Some [freed victims] are very difficult to deal with – some of the victims who have been caught up in the lifestyle for a while. They’ve developed a significantly misplaced loyalty – sometimes to their pimps who are amazingly controlling. They’ll feel such loyalty that they’ll do anything for some of these pimps.

Host: Is it the same type of thing [as gangs, Muslim terrorist groups] where people feel they are looking for a type of family, some type of place they belong, affection, whatever – a sense of belonging? And they get it from a pimp who sells them for sex so they go do that?

Pete: Often, that’s how empty the victim’s cup is. That they would find – what appears on its surface at least in the beginning to be love and attention – and it never is, it never lasts long – then once they’ve got the victim hooked, the beatings, the exploitation starts and it’s really a master/slave when you look at the relationship between them.  

What is striking is how the county attorney zeroes in on the victims coming from broken homes and looking for love. While perhaps not always the case, the man has the experience working with victims to see such a consistent trait. One wonders, too, about the backgrounds of the men exploiting children.

Indeed, it seems that we are in a gilded age of technology and material progress that hides a fundamental problem in our society: family breakdown.

As Elizabeth Marquardt writes in Between Two Worlds:

“Tragically, it is well documented that children are at significantly greater risk of abuse after their parents’ divorce. More than seventy reputable studies document that an astonishing number – anywhere from one-third to one-half – of girls with divorced parents report having been molested or sexually abused as children, most often by their mothers’ boyfriends or stepfathers. A separate review of forty-two studies found that the ‘majority of children who were sexually abused … appeared to come from single-parent or reconstituted families.’ Two leading researchers in the field conclude, ‘Living with a stepparent has turned out to be the most powerful predictor of severe child abuse yet.’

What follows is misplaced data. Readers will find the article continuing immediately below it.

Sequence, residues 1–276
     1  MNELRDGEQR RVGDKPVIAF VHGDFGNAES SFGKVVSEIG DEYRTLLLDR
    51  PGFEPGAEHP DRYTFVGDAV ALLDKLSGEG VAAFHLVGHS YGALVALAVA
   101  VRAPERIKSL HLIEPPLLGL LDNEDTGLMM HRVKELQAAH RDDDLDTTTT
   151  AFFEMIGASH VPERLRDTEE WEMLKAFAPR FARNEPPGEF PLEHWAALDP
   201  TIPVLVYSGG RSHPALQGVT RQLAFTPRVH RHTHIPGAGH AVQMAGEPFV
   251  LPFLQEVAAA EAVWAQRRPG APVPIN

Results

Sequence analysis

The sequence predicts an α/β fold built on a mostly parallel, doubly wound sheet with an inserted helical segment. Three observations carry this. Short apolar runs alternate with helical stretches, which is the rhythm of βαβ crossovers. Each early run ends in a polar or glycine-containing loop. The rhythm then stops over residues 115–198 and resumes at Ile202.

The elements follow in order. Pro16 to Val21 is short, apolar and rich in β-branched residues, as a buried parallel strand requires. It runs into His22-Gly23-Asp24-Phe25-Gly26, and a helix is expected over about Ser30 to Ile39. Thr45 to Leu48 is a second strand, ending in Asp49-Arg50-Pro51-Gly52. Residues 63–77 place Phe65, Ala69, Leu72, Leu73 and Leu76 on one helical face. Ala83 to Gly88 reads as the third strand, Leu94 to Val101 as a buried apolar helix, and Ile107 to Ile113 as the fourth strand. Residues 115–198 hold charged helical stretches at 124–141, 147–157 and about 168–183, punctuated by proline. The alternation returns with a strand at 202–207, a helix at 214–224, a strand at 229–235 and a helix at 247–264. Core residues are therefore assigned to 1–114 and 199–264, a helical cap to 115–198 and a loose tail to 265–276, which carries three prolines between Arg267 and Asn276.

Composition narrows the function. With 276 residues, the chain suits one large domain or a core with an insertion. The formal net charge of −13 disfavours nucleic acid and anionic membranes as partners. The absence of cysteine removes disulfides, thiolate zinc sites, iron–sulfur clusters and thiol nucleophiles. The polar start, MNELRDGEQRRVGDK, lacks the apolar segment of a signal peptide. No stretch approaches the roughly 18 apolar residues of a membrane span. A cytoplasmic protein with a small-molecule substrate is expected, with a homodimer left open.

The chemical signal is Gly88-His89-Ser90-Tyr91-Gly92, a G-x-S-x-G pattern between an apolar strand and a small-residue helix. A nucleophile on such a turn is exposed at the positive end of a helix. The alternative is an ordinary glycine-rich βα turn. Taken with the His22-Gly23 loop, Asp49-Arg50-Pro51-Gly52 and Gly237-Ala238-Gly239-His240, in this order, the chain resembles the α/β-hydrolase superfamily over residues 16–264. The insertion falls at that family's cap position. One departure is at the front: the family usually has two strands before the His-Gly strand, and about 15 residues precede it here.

Compared to those of us from divorced families, young people from intact families are far less likely to cite safety as a concern when growing up. Children seem to find the presence of their fathers especially reassuring when they are worried about their safety. Not only did people from intact families usually recall feeling safe but some noted, in contrast to those from divorced families, that it was the presence of their family that made them feel safe despite threats outside the home.

Having married parents does not offer sure protection to children. Some children are victimized by their own parents, like Crystal, who was abused by her father as well as her mother’s boyfriend. Tragedies within or outside the family can happen to any child, no matter what kind of family they live in. But on the whole, having both a father and mother who will look out for you, and not having unrelated adults passing often through the home, makes things safer.”

It’s not popular to talk about, but the repercussions of the disintegration of the traditional family cannot be ignored. If we want to fix our decaying culture, we will have to confront this issue.